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The Republican National Convention is in 4 days in Cleveland.

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NASA has released the first picture of Jupiter taken since the Juno spacecraft went into orbit around the planet on July 4.

The picture was taken on July 10. Juno was 2.7 million miles from Jupiter at the time. The color image shows some of the atmospheric features of the planet, including the giant red spot. You can also see three of Jupiter's moons in the picture: Io, Europa and Ganymede.

The Senate is set to approve a bill intended to change the way police and health care workers treat people struggling with opioid addictions.

My husband and I once took great pleasure in preparing meals from scratch. We made pizza dough and sauce. We baked bread. We churned ice cream.

Then we became parents.

Now there are some weeks when pre-chopped veggies and a rotisserie chicken are the only things between us and five nights of Chipotle.

Parents are busy. For some of us, figuring out how to get dinner on the table is a daily struggle. So I reached out to food experts, parents and nutritionists for help. Here is some of their (and my) best advice for making weeknight meals happen.

"O Canada," the national anthem of our neighbors up north, comes in two official versions — English and French. They share a melody, but differ in meaning.

Let the record show: neither version of those lyrics contains the phrase "all lives matter."

But at the 2016 All-Star Game, the song got an unexpected edit.

At Petco Park in San Diego, one member of the Canadian singing group The Tenors — by himself, according to the other members of the group — revised the anthem.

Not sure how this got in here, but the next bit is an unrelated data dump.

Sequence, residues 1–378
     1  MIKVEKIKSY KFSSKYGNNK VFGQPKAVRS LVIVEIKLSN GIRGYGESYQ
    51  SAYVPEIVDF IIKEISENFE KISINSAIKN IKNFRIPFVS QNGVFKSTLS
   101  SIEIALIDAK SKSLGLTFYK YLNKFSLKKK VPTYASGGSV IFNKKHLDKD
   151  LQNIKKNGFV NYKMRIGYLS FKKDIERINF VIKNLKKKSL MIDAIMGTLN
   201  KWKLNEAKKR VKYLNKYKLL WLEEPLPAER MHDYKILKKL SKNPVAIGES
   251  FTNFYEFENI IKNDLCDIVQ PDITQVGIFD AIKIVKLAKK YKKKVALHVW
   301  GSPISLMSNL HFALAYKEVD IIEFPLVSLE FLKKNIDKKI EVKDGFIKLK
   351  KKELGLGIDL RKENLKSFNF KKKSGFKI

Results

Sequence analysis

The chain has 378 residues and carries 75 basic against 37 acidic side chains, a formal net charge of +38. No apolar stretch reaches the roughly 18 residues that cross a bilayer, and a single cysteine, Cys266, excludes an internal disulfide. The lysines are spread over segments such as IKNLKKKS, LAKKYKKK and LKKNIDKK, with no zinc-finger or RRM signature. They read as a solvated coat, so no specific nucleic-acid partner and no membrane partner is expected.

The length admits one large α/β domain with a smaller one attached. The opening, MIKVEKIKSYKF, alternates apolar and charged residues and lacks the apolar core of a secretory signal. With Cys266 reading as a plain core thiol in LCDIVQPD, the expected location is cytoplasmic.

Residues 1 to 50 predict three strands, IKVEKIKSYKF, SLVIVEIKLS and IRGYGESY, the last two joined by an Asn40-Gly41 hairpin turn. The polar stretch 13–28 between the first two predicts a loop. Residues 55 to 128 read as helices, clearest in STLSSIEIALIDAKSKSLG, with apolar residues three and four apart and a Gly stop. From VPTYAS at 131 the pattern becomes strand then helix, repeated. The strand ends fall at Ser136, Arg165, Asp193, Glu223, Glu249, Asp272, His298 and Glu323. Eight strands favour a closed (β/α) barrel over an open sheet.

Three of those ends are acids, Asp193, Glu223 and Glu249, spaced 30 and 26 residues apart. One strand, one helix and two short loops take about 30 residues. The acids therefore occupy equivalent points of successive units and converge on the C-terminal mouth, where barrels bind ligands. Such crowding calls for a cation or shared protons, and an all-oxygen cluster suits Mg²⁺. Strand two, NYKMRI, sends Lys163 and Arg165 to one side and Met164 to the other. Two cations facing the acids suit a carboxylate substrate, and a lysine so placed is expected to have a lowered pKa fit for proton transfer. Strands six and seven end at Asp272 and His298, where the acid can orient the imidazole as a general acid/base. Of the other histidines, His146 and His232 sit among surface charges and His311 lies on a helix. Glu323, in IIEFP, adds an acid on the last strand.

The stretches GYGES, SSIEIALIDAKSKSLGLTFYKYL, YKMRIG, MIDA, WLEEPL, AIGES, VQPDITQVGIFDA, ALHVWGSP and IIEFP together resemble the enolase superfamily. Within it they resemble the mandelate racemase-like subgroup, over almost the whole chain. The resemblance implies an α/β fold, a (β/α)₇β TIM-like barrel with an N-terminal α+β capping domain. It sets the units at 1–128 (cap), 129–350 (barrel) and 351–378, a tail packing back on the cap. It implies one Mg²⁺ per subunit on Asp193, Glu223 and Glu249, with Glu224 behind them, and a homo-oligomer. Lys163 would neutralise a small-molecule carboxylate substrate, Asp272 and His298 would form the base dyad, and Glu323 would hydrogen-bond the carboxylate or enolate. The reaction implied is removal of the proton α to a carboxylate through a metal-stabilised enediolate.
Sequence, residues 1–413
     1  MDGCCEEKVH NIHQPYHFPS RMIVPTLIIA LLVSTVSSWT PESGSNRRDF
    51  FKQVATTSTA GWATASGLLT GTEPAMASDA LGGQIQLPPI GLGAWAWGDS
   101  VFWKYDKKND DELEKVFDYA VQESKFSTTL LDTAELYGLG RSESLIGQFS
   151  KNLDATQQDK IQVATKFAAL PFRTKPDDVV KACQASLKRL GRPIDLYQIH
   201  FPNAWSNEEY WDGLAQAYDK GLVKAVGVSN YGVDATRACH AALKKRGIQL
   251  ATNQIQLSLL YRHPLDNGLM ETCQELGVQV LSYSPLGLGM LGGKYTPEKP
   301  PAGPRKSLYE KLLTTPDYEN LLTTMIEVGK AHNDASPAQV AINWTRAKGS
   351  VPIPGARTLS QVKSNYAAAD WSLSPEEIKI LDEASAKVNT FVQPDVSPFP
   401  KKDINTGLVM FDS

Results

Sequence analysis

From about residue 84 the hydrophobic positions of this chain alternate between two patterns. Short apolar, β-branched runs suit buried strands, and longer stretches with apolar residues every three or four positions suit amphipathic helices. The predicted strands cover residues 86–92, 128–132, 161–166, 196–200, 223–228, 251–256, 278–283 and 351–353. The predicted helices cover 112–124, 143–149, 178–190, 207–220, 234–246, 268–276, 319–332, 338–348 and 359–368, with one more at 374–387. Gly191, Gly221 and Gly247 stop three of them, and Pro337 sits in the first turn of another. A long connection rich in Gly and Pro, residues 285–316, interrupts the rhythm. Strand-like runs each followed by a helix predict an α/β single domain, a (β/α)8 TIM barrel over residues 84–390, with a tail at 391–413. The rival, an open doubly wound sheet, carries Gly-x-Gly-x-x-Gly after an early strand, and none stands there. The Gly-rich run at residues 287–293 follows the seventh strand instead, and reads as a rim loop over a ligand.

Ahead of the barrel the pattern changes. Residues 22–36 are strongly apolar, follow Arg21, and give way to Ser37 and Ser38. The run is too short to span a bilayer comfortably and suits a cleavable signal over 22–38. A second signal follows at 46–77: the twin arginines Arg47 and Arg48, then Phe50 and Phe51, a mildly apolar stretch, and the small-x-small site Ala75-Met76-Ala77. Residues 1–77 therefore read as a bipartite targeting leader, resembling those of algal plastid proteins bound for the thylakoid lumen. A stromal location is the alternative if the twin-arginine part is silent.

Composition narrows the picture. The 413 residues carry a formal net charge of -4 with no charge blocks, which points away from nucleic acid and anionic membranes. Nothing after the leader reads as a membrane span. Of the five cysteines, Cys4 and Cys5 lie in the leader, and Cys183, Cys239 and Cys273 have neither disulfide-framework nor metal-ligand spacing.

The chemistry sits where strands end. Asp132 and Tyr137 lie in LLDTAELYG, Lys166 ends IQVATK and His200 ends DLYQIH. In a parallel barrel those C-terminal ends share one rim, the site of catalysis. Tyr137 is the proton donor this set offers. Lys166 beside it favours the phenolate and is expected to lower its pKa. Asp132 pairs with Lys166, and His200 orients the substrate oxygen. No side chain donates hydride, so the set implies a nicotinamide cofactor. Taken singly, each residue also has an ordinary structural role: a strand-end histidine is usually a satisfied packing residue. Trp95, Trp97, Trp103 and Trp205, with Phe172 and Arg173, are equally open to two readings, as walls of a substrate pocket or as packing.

School's out, and a lot of parents are getting through the long summer days with extra helpings of digital devices.

How should we feel about that?

Police in Baton Rouge say they have arrested three people who stole guns with the goal of killing police officers. They are still looking for a fourth suspect in the alleged plot, NPR's Greg Allen reports.

"Police say the thefts were at a Baton Rouge pawn shop early Saturday morning," Greg says. "One person was arrested at the scene. Since then, two others have been arrested and six of the eight stolen handguns have been recovered. Police are still looking for one other man."

A 13-year-old boy is among those arrested, Greg says.

Copyright 2016 NPR. To see more, visit http://www.npr.org/.

After an international tribunal invalidated Beijing's claims to the South China Sea, Chinese authorities have declared in no uncertain terms that they will be ignoring the ruling.

The Philippines brought the case to the Permanent Court of Arbitration in The Hague, objecting to China's claims to maritime rights in the disputed waters. The tribunal agreed that China had no legal authority to claim the waters and was infringing on the sovereign rights of the Philippines.

Donald Trump is firing back at Supreme Court Justice Ruth Bader Ginsburg after she disparaged him in several media interviews. He tweeted late Tuesday that she "has embarrassed all" with her "very dumb political statements" about the candidate. Trump ended his tweet with "Her mind is shot - resign!":

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Between Pride And Despair: 'Three Strong Women'

Aug 15, 2012

Few French writers can rival the success of Marie NDiaye, whose acclaim as a novelist and playwright is matched by her massive commercial success. At just 45, she has a quarter-century of best-selling books behind her, and in 2009 she became the first black woman to win the Prix Goncourt, France's top gong for literature, for the passionate and unsettling novel Three Strong Women.